Duke University law professor Jim Coleman says, “It looks like they’re trying to get rid of an African-American judge and have the case heard by someone who likely would not be African-American…They’re accused of manipulating the jury on the basis of race. It’s ironic that they would do something that looks like they’re trying to … manipulate the judge who would hear the case [for the same reason].”

The State made its motion on the eve of the first real test of the RJA, a hearing that was to take place before Judge Weeks on November 14th.  That hearing may now be delayed.  The State’s motion is highly unusual and perhaps unprecedented.  Attorney Ken Rose says, “I’ve been doing this 30 years. I’ve never seen a judge recused for that reason.”  Judge Weeks has retained his own lawyer, Fred Webb, to argue that it is inappropriate to call a judge as a witness under these circumstances.

Media here, here, here, and here.

Second-Degree Murder for Gross, Life Without Parole for Mills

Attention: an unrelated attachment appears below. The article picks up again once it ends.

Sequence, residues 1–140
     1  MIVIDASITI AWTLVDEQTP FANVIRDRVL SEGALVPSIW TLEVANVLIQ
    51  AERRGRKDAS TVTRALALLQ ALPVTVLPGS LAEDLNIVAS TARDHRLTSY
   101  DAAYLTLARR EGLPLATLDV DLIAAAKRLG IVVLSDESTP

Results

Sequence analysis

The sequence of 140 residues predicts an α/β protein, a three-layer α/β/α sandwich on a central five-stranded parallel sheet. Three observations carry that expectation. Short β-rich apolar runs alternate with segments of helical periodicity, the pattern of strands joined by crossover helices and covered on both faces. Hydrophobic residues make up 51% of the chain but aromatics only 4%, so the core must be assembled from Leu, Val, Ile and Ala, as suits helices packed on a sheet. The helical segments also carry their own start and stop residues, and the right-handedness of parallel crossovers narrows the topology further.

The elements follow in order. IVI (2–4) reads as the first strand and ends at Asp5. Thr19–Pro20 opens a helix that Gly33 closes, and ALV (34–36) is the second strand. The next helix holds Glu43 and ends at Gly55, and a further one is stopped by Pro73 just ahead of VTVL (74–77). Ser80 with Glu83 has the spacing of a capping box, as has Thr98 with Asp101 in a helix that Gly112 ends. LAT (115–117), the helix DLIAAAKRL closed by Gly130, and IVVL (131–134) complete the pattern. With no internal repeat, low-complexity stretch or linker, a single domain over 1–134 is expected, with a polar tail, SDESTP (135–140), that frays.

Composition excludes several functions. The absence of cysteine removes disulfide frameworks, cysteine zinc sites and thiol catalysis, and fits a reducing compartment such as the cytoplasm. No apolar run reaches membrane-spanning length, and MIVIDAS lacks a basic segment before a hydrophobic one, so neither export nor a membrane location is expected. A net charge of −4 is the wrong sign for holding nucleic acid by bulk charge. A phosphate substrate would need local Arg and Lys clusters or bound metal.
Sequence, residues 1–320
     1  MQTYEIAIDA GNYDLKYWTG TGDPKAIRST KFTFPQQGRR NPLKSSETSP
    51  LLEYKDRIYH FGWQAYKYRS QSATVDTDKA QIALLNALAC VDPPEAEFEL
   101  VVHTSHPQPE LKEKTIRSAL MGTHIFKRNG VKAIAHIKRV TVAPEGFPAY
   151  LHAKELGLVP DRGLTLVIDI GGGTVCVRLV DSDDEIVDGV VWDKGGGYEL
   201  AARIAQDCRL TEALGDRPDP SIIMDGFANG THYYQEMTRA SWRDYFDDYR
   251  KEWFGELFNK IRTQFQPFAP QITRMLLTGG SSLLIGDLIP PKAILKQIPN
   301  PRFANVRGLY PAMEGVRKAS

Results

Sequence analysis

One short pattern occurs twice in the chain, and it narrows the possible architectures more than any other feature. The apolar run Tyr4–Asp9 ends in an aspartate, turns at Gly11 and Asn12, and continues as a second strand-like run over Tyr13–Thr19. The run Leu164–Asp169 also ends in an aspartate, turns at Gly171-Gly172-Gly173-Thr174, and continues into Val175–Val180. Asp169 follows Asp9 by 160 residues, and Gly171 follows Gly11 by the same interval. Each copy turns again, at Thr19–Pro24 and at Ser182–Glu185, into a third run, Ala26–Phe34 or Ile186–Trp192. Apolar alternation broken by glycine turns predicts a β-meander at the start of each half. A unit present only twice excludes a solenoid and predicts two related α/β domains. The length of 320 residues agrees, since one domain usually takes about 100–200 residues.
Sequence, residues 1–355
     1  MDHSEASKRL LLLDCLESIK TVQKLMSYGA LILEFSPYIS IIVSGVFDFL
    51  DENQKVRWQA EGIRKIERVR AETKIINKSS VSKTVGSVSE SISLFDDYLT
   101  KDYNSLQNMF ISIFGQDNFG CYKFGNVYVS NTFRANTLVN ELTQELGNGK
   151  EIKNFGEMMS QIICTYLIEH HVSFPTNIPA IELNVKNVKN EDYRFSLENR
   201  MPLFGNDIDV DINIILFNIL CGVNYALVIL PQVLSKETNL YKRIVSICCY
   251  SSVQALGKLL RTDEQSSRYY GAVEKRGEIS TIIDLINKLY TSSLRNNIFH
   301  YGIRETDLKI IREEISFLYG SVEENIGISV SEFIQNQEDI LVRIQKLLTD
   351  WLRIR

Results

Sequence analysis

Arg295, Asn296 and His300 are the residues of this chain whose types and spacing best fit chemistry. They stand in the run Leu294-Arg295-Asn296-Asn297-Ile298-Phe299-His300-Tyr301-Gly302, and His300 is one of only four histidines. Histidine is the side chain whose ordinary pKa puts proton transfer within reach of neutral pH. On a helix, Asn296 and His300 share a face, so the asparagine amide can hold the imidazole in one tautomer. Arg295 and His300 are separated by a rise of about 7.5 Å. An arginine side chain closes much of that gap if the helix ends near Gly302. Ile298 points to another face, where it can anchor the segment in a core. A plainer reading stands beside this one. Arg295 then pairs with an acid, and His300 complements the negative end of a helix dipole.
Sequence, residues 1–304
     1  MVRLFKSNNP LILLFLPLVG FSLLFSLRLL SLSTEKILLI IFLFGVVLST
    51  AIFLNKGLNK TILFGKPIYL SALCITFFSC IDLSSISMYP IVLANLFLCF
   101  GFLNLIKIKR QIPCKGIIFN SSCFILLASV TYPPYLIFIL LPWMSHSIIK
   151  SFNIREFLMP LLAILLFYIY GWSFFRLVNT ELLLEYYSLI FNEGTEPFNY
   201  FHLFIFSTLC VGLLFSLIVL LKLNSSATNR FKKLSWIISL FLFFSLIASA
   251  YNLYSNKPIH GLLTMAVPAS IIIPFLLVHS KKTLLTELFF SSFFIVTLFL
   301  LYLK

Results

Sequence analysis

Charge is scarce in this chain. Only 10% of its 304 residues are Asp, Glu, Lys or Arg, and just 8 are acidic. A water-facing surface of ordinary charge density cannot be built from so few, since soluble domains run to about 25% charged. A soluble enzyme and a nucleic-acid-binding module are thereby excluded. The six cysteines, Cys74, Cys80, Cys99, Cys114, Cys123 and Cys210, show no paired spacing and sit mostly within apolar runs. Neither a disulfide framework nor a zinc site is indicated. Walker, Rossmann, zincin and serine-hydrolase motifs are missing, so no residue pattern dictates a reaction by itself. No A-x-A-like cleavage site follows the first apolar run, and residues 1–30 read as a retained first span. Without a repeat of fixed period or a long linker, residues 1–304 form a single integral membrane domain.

November 7, 2011

Two death penalty trials noted in DW’s last post have resolved with a sentence less than death.

In Buncombe County, a jury rejected first-degree murder and instead found Brandon Lee Gross guilty of second-degree murder.  He will be sentenced to a term of years.  Still no word from the local paper or TV stations.

In Alamance County, Dennis Alan Mills pleaded guilty and accepted a sentence of life without the possibility of parole.  Prosecutors alleged that Mills shot two men to death following an argument over a sandwich.  Mills previously served time for the shooting death of his uncle.

NC Capital Trial Update 11-1-11

November 1, 2011

Six death penalty trials started in North Carolina over the last few weeks.

Larry Robinson (Robeson) and Brandon Gross (Buncombe) – Progress unknown.

The guilt-or-innocence phase is wrapping up in the Gaston County trial of Danny Hembree.  Prosecutors allege that Hembree strangled Heather Catterton in 2009, while defense attorneys say Catterton died of a drug overdose.

In Alamance County, efforts were underway to pick a jury for the sentencing phase of Dennis Mills‘ trial when Mills moved to withdraw his guilty plea for two 2010 shootings.

The Guilford County trial of Isaam Chaplin came to an abrupt halt when the prosecution suddenly located what they believe to be the murder weapon.  A gun seized by police in another county came up as a “hit” in a police database, prompting the judge to delay the trial indefinitely while both sides examine the new evidence.

Jury selection has just gotten underway in the Stanly County trial of William Robinson.  Robinson is accused of a 2006 robbery-murder in Albemarle.